Lebanon has never defaulted in the past thanks to financial engineering from the central bank. Lebanon has never defaulted on its obligations despite heavy debt burdens. The central bank has been able to maintain financial stability over the years, seeking to shore up the bank’s reserves and raise the capital of local banks, the country's largest debt holders. As such, banks eventually preferred to lend to the government rather than financing private-sector investments, which continued to shrink, further depressing the growth potential of the productive sectors.
The banking sector link to sovereign risk. The banking sector has become an important player in the economic model of Lebanon thanks to its high exposure to sovereign risk. Its assets were worth 440% of GDP in 2018. The sector has significant dollar deposits (more than 70% at their peak), is well capitalised (capital adequacy ratio at 17%) and is profitable. But the strong link between bank balance sheets and the government’s financing scheme implies that any sign of a sovereign debt crisis could precipitate a serious banking crisis.
As critical financial inflows have slowed down, this financing model has come under scrutiny. The loss of trust in the banking sector started eroding banks’ liquidity, even before the protests began. In January 2019, credit rating agency Moody’s downgraded Lebanon’s credit rating to junk on an increased risk of default. Outflows continued as banks reopened after the first two weeks of protests. The imposition of controls on dollar withdrawals and transfers overseas has failed to rebuild confidence, rather increasing concerns that banks may not be able to help the government with its weighty financing needs. Sovereign risk has surged alongside a slump in investor confidence.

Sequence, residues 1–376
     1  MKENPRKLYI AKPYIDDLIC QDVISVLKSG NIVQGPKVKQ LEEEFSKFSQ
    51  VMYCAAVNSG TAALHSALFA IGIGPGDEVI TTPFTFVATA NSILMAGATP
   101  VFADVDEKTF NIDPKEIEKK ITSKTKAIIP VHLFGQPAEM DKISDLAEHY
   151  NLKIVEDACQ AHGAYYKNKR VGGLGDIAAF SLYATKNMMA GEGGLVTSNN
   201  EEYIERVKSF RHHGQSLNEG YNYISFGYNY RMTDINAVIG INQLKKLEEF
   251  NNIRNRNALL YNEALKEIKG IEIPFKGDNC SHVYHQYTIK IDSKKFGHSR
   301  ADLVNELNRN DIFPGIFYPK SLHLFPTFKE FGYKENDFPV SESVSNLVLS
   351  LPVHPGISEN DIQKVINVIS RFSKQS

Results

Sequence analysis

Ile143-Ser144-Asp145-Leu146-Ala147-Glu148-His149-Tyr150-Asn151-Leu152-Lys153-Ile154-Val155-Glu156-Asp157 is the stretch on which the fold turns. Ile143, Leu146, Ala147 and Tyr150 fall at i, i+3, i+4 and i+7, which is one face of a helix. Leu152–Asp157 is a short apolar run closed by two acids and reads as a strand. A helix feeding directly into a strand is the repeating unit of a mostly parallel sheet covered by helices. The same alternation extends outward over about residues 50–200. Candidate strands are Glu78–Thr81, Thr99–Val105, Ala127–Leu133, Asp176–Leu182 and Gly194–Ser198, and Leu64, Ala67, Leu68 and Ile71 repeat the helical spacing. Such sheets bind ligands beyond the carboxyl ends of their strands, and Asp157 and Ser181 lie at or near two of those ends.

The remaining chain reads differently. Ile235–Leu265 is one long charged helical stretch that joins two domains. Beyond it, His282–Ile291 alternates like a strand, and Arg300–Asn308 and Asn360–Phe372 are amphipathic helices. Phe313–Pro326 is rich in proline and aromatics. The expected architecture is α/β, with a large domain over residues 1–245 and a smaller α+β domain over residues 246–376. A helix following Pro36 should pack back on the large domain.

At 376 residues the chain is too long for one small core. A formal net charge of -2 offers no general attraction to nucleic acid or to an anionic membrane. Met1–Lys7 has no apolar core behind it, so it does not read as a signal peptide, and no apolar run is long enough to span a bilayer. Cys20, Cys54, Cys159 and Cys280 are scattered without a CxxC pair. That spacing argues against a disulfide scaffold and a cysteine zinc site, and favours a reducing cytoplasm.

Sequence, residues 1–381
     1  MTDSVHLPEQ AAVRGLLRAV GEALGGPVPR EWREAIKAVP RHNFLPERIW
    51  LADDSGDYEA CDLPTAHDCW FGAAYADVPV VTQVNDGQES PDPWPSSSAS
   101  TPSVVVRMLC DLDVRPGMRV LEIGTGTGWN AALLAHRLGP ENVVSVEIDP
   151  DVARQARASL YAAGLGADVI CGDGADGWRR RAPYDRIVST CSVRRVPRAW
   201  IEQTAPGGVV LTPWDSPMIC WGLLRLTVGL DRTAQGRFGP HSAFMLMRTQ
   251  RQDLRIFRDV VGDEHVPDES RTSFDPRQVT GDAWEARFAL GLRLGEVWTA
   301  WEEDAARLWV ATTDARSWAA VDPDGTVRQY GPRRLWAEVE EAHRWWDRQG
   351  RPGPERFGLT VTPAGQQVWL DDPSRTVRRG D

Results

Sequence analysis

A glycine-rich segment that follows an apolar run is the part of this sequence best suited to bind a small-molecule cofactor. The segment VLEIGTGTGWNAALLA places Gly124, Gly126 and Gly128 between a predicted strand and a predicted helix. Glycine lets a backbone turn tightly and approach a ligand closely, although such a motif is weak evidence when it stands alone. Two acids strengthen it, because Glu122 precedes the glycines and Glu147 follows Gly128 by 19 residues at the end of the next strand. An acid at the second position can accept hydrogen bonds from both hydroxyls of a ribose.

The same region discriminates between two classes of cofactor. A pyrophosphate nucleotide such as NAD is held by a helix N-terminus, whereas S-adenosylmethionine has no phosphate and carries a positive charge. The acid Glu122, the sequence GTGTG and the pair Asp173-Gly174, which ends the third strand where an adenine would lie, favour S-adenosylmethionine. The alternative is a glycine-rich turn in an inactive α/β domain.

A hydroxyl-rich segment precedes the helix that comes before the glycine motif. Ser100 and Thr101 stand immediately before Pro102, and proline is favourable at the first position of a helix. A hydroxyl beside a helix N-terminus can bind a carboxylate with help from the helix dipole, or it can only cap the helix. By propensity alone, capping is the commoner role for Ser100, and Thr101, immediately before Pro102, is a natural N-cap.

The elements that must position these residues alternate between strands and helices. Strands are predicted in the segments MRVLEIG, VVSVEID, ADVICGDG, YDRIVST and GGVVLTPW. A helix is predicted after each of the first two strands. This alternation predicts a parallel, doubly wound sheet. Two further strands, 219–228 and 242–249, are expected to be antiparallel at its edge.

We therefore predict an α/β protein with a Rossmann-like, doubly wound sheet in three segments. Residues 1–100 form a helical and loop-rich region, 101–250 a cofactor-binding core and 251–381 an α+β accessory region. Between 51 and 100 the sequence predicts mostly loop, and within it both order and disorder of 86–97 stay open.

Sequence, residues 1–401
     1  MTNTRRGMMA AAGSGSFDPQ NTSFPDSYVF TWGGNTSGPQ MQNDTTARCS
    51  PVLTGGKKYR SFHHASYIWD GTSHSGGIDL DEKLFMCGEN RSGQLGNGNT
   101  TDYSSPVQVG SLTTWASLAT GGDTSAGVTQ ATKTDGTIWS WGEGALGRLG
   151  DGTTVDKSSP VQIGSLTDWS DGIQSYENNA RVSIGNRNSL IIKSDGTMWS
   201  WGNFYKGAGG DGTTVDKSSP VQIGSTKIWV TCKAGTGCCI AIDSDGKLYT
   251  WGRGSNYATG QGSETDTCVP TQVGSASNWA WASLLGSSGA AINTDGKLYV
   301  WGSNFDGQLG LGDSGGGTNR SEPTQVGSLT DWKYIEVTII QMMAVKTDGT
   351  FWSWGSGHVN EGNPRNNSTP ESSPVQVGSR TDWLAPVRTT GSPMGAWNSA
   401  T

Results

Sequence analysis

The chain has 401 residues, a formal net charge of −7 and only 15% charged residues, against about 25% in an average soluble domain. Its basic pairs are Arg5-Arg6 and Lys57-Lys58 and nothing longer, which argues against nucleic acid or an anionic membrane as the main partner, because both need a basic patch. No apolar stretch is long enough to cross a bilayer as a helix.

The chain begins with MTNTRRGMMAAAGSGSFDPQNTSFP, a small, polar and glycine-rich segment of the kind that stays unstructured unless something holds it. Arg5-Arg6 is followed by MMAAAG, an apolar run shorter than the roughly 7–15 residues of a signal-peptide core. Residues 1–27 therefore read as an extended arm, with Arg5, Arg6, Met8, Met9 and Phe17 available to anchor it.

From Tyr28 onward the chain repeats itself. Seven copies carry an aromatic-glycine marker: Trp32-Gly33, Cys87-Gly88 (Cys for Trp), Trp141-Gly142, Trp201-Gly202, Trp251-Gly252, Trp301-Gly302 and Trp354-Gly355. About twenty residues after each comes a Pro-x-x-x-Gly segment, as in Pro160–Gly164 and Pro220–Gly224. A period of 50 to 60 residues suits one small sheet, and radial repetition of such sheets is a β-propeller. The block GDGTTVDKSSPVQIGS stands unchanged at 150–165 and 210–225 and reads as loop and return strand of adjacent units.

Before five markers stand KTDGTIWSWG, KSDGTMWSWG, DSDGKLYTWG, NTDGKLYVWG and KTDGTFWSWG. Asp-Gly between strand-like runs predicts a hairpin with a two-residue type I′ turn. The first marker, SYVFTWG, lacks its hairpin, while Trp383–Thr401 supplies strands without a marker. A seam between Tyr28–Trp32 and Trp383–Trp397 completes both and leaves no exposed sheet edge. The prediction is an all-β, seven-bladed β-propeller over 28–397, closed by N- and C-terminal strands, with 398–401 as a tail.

The moment of truth is quickly approaching
Lebanon recently repaid a $1.5bn Eurobond, avoiding a default despite the tumultuous conditions. The next bond payment is scheduled for March, when another $1.2bn Eurobond comes due. In order to avoid a sovereign restructuring or default, several important steps need to be taken. First, the country must regain its political capacity to act (including discussing with lenders such as the International Monetary Fund) by empowering a technocrat government that receives popular backing. By appeasing social tensions, the banking system could start to smoothly function again. Attracting further non-resident deposits is key to allowing the banking system to generate the foreign assets required to meet public financing needs. Importantly, the future administration must find the fiscal space to tackle urgent structural reforms, and to upgrade the country’s transport and energy infrastructure. A credible reform plan aimed at improving the growth potential of Lebanon and its governance would in turn contribute to a restoration of investor confidence. Without concrete reforms, Lebanon risks heading towards a combined currency, sovereign and banking crisis.